Pakistani Hindus Felt They Were Reborn In India | Life Of Beneficiaries From Citizenship Amendment Bill

Leela Adwani |Jun 18, 2020

Despite living on the edge, Pakistani Hindus like Solanki still feel much safer in their new home.

A man named Dharamveer Solanki who is a Hindu took the plunge and left his hometown in Hyderabad, Pakistan to India and never to return. When the train drove across the border and entered the territory of India, Solanki felt that that was the happiest moment he had ever had in his life. The story of Solanki also represents the thousands of other Pakistani Hindus or any refugee ones in India.

Pakistani Hindus
Dharamveer Solanki fled his home country, Pakistan, to move to India

According to an interview with Reuters, the man had a no-filter conversation with the journalist while sitting inside a refugee colony located in New Delhi’s outskirts. For those who are unversed, this is the shelter of hundreds of Hindus who fled the Muslim-majority country, Pakistan.

He said, “It felt as though I had been reborn.”

In fact, people like Solanki are the beneficiaries of the Citizenship Amendment Bill which was introduced last year by the Hindu nationalist government. CAB paves the way for providing Indian nationality for non-Muslim feeling persecution in their home countries Pakistan, Afghanistan, and Bangladesh before 2015.

However, this issue led to widespread violent protests in many states of the nation, especially in Assam, Meghalaya, and Tripura. The whole nation remained divided over the ongoing acts, the chaos, and the attacks back then. CAB protest taking place several states of the nation snowballed into bloodshed after a brutal crackdown of police towards the Jamina students who are protesting against the Act.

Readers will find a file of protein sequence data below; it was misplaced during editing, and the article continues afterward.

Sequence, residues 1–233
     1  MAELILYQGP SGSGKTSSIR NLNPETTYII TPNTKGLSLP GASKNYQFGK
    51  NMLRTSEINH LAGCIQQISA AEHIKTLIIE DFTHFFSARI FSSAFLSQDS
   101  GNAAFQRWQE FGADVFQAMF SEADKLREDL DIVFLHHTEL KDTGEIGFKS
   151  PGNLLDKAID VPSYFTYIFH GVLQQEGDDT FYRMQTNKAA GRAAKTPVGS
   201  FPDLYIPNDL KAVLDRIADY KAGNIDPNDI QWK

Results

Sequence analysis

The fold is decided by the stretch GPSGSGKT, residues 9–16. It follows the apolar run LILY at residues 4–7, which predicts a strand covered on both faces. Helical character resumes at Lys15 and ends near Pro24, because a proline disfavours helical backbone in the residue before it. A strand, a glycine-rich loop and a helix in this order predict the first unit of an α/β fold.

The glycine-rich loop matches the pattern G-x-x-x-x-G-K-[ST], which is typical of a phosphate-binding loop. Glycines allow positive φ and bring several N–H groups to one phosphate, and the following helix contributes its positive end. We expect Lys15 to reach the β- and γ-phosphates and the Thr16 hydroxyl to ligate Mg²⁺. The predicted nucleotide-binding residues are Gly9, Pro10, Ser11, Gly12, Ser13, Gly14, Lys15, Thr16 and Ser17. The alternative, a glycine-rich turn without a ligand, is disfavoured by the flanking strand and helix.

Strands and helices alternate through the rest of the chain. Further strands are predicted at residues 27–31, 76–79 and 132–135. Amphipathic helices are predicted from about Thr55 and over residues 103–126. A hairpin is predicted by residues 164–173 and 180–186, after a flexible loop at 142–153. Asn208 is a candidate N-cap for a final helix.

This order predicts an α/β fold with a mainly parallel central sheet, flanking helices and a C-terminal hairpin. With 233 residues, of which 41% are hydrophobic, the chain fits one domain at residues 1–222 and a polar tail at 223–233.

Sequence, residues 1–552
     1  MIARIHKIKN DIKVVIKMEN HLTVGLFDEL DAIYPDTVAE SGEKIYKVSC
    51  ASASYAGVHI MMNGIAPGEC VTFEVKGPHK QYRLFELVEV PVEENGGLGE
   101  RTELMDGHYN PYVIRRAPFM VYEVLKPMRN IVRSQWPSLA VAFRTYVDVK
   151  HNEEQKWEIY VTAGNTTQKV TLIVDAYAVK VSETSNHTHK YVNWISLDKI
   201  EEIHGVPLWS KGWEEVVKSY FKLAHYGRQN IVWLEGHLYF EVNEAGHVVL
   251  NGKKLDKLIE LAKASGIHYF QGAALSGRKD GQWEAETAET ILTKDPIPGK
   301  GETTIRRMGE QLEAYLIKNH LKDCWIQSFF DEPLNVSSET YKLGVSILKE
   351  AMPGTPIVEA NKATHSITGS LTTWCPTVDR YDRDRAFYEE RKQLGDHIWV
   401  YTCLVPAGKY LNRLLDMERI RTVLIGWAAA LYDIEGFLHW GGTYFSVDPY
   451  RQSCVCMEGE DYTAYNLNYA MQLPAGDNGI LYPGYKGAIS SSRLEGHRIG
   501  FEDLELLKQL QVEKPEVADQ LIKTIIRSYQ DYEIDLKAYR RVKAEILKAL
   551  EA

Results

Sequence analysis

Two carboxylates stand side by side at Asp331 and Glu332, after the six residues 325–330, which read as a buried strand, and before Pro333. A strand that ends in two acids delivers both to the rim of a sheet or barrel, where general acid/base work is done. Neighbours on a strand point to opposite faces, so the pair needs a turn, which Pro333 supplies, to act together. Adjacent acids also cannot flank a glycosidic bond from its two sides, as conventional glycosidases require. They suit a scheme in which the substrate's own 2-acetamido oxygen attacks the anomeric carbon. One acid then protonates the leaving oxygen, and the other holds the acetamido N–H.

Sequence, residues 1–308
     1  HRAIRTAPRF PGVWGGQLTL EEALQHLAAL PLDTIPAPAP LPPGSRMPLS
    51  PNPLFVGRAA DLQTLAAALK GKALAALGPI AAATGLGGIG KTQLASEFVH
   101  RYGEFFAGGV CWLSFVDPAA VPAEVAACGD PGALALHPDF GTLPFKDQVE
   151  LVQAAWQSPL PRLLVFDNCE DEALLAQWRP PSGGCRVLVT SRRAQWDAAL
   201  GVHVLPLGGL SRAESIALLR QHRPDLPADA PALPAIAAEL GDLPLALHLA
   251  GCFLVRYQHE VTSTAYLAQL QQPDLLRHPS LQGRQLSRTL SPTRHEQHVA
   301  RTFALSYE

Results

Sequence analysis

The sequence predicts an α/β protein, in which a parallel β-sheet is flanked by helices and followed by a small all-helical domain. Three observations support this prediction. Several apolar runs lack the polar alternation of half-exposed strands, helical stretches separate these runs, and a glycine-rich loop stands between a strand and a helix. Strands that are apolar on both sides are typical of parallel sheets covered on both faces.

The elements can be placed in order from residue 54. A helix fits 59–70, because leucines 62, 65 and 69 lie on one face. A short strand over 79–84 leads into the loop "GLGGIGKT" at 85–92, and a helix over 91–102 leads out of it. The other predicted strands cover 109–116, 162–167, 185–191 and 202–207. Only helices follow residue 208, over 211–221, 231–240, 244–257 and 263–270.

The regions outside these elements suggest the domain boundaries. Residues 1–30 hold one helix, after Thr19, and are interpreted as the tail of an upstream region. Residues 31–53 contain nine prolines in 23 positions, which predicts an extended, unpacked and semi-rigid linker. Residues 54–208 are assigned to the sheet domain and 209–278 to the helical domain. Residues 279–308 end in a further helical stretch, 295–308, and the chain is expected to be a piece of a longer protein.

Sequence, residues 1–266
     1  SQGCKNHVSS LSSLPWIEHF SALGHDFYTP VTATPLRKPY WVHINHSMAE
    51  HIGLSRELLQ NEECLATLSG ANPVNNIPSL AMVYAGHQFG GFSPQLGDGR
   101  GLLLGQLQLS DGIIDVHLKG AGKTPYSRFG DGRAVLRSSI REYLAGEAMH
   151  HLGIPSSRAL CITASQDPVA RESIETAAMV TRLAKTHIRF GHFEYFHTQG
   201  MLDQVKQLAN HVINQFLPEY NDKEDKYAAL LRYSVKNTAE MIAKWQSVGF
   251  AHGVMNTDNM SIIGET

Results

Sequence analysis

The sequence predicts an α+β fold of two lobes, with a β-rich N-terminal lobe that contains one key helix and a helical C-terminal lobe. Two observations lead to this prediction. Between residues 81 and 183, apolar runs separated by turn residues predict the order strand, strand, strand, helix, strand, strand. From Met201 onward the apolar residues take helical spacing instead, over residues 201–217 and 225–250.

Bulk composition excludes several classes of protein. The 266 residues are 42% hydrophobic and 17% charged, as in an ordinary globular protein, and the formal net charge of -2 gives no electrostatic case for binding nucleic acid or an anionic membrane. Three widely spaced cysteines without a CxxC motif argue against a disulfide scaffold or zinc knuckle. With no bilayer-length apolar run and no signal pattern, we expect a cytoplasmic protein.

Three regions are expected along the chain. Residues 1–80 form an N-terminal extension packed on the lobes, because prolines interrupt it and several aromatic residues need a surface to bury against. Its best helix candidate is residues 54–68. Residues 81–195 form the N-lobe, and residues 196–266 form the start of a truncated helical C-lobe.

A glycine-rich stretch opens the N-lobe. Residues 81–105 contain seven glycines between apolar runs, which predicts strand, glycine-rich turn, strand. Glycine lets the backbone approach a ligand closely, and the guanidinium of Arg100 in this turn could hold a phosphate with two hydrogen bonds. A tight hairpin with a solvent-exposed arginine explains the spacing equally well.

CAB Protests took place in many parts of the nation

The law doesn’t contain Muslims and many even see the passage of the new bill as anti-Muslim. However. The long-held commitment of Prime Minister Narendra Modi that provides the Hindu refugee refuge has attracted more and more.

Within 15 months from March 2019, the Indian home ministry received more than 16,000 applications from people from Pakistan for long-term visas. The next year, that number is predicted to skyrocket.

The flow of new immigrants has temporarily stopped as the government has to close the border to curb the Coronavirus pandemic.

Solanki continued that many remain desperate as they usually apply for a 25-day pilgrimage visa and stay until they can get Indian citizenship. He is also waiting for the day Indian government to grant him new citizenship. However, because of the coronavirus outbreak, the process has been delayed.

Life of Pakistani Hindus in India

In fact, Solanki and maybe his Pakistani Hindus too didn’t know that there is a World Refugee Day which falls on 20 June.

Solanki said,

"The citizenship law has been passed. Our people should now get land and benefits as citizens.”

His settlement which is located in the Majnu Ka Tilla neighborhood is made of brick, cement, and wood huts. No water or electricity is supplied. There are about 600 people residing in this run-down area. Young men mainly are hawkers or laborers like Solanki.

Many Pakistani Hindus agreed that even though they had a better condition in their home country Pakistan, it didn’t make them feel safe like when in India.

>>> Related post: Indian High Commission Officials Assaulted In Pakistan Custody, Accused Of ‘Hit And Run Accident’


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